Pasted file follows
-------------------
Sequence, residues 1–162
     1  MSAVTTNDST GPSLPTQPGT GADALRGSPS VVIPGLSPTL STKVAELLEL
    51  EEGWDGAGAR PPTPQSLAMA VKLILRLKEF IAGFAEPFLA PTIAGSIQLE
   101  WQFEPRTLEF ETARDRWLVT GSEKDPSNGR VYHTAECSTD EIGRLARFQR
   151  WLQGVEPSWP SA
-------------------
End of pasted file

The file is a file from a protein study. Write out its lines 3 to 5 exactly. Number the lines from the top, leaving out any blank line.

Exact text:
    51  EEGWDGAGAR PPTPQSLAMA VKLILRLKEF IAGFAEPFLA PTIAGSIQLE
   101  WQFEPRTLEF ETARDRWLVT GSEKDPSNGR VYHTAECSTD EIGRLARFQR
   151  WLQGVEPSWP SA